What happened on the island on 19 November 2004 is now well documented: Cameron Doomadgee swore at Senior Sergeant Hurley, the island's officer-in-charge, and 40 minutes later he was dead on a cell floor with injuries as if he'd been in a car crash: he had a black eye, a bruised jaw, and a ruptured liver and portal vein. On a cell surveillance tape he is shown writhing on the concrete floor, calling for help; and when eventually an officer does come in, he kicks Doomadgee; then, kicking him again, the officer realises Doomadgee is dead.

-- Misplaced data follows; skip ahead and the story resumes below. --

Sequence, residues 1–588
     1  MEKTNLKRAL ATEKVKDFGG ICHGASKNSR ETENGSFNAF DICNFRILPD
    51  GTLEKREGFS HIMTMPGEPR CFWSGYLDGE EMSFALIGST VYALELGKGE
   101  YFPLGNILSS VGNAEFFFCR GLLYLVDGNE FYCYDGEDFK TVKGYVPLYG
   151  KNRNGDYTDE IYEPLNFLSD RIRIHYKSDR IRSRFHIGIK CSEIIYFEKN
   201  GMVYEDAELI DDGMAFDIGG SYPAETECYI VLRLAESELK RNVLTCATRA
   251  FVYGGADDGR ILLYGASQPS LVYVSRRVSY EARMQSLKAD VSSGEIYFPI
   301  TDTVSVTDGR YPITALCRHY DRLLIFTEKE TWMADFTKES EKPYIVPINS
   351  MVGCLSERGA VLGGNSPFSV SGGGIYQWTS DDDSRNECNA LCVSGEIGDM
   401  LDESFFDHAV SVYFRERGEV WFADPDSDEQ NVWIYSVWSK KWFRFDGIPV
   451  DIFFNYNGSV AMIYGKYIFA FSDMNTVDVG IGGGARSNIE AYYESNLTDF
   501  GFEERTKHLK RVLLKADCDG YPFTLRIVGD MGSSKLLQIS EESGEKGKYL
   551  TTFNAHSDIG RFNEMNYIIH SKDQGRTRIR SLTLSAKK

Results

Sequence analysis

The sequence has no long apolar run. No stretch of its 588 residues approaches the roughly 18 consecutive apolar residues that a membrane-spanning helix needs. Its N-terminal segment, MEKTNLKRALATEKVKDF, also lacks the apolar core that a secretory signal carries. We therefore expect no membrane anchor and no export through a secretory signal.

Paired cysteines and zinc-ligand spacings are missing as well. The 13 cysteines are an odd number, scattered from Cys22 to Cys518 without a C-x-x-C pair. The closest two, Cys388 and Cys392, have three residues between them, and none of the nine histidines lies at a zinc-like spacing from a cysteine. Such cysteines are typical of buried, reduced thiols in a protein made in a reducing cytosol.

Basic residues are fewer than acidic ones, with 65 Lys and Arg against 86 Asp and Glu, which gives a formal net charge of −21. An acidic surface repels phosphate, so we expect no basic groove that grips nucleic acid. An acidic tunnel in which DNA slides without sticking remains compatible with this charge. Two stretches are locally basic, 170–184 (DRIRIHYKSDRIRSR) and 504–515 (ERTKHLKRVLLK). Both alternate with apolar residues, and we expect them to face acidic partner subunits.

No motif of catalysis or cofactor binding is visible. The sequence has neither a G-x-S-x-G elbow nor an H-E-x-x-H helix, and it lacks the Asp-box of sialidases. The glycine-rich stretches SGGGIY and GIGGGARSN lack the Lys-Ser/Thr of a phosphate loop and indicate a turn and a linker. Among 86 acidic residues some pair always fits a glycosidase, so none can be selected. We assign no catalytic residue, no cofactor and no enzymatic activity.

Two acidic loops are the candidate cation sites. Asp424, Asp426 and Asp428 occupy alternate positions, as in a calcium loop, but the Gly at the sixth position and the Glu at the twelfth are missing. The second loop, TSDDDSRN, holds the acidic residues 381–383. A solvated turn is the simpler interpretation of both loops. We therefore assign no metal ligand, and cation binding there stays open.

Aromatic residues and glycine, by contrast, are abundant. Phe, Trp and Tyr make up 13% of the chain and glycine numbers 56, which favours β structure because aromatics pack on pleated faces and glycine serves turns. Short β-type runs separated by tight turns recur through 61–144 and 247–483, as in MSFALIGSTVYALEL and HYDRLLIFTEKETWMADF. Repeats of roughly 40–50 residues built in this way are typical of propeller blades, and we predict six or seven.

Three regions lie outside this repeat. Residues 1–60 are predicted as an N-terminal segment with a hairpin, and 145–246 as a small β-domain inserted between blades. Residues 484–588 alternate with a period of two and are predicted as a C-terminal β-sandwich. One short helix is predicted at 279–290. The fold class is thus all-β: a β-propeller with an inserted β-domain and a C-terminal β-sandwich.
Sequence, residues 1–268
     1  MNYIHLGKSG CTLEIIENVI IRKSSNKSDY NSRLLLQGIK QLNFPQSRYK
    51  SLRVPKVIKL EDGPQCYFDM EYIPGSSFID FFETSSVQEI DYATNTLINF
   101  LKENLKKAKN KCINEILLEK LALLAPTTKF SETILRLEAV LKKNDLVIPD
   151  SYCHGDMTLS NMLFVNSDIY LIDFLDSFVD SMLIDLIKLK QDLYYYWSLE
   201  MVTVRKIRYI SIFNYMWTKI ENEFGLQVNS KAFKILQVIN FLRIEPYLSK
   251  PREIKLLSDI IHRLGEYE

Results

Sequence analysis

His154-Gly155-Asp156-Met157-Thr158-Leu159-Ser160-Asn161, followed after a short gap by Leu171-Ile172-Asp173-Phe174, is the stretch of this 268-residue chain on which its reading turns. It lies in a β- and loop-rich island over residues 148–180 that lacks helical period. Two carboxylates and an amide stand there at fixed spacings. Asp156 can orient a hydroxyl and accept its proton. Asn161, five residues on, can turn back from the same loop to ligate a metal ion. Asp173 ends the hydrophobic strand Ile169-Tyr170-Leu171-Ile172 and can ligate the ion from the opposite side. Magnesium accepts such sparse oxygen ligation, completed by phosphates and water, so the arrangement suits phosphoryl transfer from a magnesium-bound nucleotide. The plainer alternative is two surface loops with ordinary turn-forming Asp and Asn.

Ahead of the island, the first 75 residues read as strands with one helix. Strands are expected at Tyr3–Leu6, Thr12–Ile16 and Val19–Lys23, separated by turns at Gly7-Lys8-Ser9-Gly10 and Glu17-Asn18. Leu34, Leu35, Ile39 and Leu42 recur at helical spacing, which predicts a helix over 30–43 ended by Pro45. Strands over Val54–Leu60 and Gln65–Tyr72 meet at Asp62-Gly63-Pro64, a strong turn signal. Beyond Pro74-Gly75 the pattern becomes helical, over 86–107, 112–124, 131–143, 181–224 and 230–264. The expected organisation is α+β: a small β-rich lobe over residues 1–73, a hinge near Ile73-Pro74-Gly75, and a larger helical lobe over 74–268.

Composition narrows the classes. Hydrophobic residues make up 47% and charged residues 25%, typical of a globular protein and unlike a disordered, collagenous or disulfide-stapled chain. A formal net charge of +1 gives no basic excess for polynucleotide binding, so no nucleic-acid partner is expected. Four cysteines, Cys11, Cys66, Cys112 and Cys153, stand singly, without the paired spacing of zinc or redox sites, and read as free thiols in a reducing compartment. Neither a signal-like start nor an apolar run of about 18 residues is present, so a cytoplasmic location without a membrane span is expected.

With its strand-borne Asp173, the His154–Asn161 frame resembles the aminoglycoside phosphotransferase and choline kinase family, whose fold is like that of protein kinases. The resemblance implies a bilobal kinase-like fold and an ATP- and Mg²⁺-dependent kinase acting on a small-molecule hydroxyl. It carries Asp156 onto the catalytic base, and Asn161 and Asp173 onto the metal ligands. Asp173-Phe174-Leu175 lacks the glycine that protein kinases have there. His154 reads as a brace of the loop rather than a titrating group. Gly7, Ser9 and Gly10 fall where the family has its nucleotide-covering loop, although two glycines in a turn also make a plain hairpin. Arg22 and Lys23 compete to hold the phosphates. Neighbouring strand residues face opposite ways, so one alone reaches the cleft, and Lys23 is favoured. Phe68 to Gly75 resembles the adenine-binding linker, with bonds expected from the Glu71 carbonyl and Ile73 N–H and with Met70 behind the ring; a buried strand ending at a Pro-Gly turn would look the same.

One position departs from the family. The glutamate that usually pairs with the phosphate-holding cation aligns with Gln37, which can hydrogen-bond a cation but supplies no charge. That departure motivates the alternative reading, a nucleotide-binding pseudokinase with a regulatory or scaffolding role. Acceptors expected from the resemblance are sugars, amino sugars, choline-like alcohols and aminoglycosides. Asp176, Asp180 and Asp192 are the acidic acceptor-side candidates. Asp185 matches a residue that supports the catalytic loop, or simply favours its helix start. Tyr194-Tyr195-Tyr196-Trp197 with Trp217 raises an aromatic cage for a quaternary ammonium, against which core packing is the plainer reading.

The afternoon of the death, Senior Sergeant Hurley's close friend Detective Darren Robinson flew to the island to conduct the investigation. At no point in their taped interview was Hurley asked to speculate on how Cameron Doomadgee had died. In fact, he spent most of the interview complaining about Doomadgee having assaulted him. Hurley claimed he and his prisoner had both tripped on a step and landed side by side. That night, Darren Robinson cooked dinner for Hurley and the other investigators at Hurley's house. Then, the next morning, a second, even more farcical videotaped interview was conducted: overnight a witness had come forward claiming he'd seen Hurley standing by a filing cabinet, assaulting Doomadgee; and in the videotape Hurley stands in exactly the place the witness described, and mimes bending his arms back and forwards in an attempt to "pick Cameron up". Again the Senior Sergeant wasn't asked how Doomadgee might have died. Again Hurley claimed they'd simply tripped and landed side by side. Only later, when he learnt the extent of Doomadgee's injuries, did Hurley change his story - he must have landed on the prisoner with his knee in his abdomen, then forgotten all about it.